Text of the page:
Thousands of ambulance crews in England will be given body cameras after a sharp rise in attacks on NHS staff treating patients, the government has announced. Data shows that 3,569 ambulance staff were physically assaulted by members of the public last year – 30% more than in 2016-17.
The plans come after successful trials in London and the north-east. The cameras will be given to crews in 10 ambulance trusts across the country. Medics will wear the cameras and be able to press a button to start recording if patients or the public become aggressive or abusive, and the film will be given to the police where needed.
Prerana Issar, the chief people officer for the NHS, said: “Every member of our dedicated and hardworking NHS staff has the fundamental right to be safe at work and it is our priority to eliminate violence and abuse, which we will not tolerate. As well as reducing the number of incidents towards our staff, these cameras are a vital step towards ensuring our people feel safe too.”
Initial findings show the cameras make staff feel safer and can help to de-escalate situations where they are faced with someone being aggressive.
Darren Green, the clinical service manager at North East ambulance service, said: “Staff safety is one of our highest priorities; if we are unable to protect our staff, we are unable to provide a service that’s fit for purpose for the public. The availability of body-worn cameras for our staff is something that we have championed for a long time and so we are delighted to have led the trial to help implement them nationally.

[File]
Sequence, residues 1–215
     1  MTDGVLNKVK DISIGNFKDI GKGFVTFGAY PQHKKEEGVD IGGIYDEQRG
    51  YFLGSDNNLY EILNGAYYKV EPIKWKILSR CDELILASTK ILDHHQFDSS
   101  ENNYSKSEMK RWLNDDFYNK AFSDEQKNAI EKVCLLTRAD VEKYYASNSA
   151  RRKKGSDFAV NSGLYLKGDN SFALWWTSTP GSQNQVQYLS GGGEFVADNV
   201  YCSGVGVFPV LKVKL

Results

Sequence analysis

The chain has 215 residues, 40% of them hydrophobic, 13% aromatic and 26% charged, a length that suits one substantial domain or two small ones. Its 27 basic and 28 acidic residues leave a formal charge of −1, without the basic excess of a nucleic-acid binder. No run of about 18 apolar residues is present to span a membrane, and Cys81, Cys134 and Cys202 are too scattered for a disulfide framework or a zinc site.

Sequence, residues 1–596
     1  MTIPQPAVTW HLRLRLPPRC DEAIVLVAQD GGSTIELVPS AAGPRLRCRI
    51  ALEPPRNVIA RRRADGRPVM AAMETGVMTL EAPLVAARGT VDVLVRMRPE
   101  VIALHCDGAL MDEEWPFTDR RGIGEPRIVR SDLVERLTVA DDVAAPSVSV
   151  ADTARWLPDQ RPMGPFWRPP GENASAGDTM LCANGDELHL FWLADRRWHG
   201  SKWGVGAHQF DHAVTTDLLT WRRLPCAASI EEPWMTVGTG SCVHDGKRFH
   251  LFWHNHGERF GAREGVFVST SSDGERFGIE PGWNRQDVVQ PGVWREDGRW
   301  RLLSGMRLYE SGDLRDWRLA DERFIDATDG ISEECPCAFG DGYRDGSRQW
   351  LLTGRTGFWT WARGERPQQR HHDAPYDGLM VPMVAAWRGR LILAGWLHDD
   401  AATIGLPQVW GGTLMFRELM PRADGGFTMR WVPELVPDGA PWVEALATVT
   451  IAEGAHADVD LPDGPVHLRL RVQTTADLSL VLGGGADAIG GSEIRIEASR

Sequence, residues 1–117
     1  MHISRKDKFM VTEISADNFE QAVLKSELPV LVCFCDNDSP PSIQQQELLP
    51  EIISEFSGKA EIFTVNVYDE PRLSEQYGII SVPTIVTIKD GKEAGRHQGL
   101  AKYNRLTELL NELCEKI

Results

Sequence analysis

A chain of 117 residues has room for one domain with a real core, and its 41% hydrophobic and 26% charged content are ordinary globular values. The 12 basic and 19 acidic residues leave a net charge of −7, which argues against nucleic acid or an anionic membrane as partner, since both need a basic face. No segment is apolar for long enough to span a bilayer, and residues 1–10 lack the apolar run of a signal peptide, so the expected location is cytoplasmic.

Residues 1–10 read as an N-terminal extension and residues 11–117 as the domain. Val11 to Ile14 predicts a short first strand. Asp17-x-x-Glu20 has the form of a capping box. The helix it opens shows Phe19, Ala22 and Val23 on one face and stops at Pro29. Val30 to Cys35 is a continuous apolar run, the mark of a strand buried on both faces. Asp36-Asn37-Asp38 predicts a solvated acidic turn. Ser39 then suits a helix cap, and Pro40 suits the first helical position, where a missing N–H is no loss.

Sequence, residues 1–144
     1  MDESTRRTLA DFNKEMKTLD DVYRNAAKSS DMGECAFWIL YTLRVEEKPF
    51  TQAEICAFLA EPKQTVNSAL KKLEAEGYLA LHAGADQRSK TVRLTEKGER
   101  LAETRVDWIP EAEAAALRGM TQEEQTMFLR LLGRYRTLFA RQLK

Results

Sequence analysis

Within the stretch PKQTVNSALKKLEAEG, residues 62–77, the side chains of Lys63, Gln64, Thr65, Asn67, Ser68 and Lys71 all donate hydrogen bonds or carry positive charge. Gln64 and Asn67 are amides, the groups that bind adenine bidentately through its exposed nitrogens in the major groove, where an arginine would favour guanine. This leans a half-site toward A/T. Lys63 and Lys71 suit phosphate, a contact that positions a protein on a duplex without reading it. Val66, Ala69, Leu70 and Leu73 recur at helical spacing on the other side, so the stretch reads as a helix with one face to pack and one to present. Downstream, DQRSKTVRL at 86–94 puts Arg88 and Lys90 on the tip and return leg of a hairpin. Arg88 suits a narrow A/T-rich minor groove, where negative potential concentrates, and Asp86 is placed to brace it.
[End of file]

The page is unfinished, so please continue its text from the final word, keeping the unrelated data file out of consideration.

“Nobody comes to work to be abused, but especially not by the people they have come to help. Sadly, these cameras are needed now more than ever.”
Gary Watson, an emergency ambulance crew member who works for the London ambulance service and is based in Croydon, has been wearing a body camera as part of a trial at four ambulance stations in south and north London.
He was violently assaulted by a drunk patient in January 2018 while on duty, and suffered a torn ligament and serious injuries to his face, throat, and neck. Two other medics were also injured and a fourth was badly shaken. A man was convicted for the assault and received a suspended sentence.
Gary said: “These cameras are needed, and wearing one makes me feel safer. They act as a deterrent and will also help provide evidence if there is an attack. We go to work to help people, not to be assaulted. It’s disgusting that a minority think it’s OK to behave in such a violent way.”
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